Timket

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It’s been a It’s been a lot of culture and quite the mixture of religion these past few days. I’m intrigued by it all and wonder how much I’m missing of what’s really going on around me. The streets were flooded with a sea of white nettelas, women with their heads covered and older men with their canes. Old and young alike aren’t working and thus the “tech baits” (bars) are full. We observed each church or saint represented in a different color beating their drums, blowing horns, and dancing along the continuous red carpet that was rolled out before them. The priests with a replica of the Ark of the Covenant followed up the line and behind them still was a crowd of folks joined hand in hand to protect the priests. As they passed the familiar “Ellila, ellila” was called out, some got face down and kissed the ground, and some I saw had tears in their eyes.

I wasn’t sure if the tears were for the priests, for the beauty of it all, for the ritual, or for the actual baptism of Christ. None the less Miah and I made our way through the crowd, observing respectfully, and saying hi to many neighbors and friends we saw along the way.
As we walk into our neighborhood I wonder what our Muslim friends make of it all. One of them at our house yesterday was understandably annoyed at all the closed roads and crowded taxis. Our nanny who is “pente” or a Pentecostal believer is outright disgusted by it all. She’s frustrated at the lack of focus where it should be and she’s confused on how transferring a replica has anything to do with the baptism of Christ.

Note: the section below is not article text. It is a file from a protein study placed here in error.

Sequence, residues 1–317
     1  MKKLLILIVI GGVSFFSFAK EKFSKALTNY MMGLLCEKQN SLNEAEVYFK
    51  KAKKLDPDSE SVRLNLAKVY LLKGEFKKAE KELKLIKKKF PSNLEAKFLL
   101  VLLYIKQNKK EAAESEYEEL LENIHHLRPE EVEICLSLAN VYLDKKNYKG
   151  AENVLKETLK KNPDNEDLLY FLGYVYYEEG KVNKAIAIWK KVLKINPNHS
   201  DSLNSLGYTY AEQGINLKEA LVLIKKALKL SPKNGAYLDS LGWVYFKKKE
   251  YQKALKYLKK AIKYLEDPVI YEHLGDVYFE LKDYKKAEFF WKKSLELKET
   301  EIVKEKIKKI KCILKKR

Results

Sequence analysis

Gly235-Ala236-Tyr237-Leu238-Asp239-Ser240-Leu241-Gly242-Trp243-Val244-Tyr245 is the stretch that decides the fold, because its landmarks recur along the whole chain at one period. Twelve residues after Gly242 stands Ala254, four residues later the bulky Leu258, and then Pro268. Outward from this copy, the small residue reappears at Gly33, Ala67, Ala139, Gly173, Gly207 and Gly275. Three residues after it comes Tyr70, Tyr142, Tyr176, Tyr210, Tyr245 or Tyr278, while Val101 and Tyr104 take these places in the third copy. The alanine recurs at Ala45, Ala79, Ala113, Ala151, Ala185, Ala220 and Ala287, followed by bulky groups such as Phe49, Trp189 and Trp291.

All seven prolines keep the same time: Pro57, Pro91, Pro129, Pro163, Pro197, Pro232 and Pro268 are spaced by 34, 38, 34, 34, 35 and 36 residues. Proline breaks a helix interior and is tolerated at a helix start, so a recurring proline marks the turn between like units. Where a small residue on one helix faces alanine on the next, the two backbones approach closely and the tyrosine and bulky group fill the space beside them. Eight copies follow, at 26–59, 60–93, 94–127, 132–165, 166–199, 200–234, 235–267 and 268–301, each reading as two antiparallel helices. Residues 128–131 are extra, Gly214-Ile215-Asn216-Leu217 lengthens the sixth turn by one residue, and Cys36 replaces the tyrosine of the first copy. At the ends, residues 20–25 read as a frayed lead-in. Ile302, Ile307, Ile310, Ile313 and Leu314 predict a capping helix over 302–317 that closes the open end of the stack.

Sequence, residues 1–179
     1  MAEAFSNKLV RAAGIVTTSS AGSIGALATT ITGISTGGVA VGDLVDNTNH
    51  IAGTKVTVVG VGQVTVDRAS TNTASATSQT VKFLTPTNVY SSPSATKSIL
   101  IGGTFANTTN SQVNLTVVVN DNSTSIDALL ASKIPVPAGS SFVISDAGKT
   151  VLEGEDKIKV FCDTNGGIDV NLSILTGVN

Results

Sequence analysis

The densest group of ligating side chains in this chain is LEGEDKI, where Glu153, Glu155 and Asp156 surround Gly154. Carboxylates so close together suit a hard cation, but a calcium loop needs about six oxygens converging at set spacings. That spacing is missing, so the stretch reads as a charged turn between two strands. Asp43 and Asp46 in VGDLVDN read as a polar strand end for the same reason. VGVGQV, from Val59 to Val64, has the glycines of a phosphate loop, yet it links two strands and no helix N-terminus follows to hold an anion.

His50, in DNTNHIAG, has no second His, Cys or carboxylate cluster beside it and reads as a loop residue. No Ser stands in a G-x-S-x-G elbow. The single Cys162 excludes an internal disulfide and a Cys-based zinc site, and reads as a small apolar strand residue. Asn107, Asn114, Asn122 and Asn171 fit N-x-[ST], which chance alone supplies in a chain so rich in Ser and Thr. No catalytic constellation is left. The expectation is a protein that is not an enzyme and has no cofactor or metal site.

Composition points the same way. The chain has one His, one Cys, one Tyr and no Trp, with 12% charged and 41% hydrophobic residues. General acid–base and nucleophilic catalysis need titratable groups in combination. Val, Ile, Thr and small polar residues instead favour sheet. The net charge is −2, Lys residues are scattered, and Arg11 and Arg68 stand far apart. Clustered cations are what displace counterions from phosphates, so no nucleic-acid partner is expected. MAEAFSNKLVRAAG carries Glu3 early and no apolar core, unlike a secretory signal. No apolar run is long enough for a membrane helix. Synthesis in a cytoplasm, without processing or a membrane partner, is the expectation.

I love the culture here and wish we came from “more” culture. Of course everyone has a culture that has shaped and influenced them but some just seem more “rich” I guess. I’ve never seen culture and religion so confused and intertwined though and this I don’t envy. I don’t envy the distraction that ritual causes but I sometimes wish we had more reverence for God. I don’t envy the rules that come with ritual nor the judgements that follow but I wish as a body that the things we do out of love for Christ was more uniform.
Invited to a friends after the procession for Doro wat (spicy chicken stew), I knew saying no wasn’t an option. The invite is so kind being that chicken is expensive and the way this particular holiday wat is prepared is very precise. Women pride themselves greatly on their cooking and particularly Doro wat. I sat on Selam’s bed with Miah in a dimly lit room not much bigger than the bed itself and choked down luke warm wat followed by a Miranda (sweet orange pop). Truly I like Doro wat but I’m always scared when it’s not hot and this was exceptionally spicy. In addition, I hate pop and always ask for water but my sweet friends insist on “treating me”. A rat scurries behind us making its creepy little squeaking noises and the bar just on the other side of the thin wall booms and bangs with men chanting and pounding on things. Miah gets gifted a balloon and she’s as happy and comfortable as can be jumping on Selam’s bed to keep the balloon from falling. Selam comes in and places a small cooker with coal and incense in front of me which I know will cling to me for the rest of the day but that’s ok because I know coffee is coming. Selam’s coffee is particularly strong and I know it’s because she serves a lot of men and they prefer it that way. Miah and I chat with others sitting at Selam’s suk also having coffee and head on our way….
It has been a fun few days. I’m reminded how we will always be learning and observing here and I have to wonder if the day ever came when we could no longer be those things, maybe that’s the day we would have to leave

 

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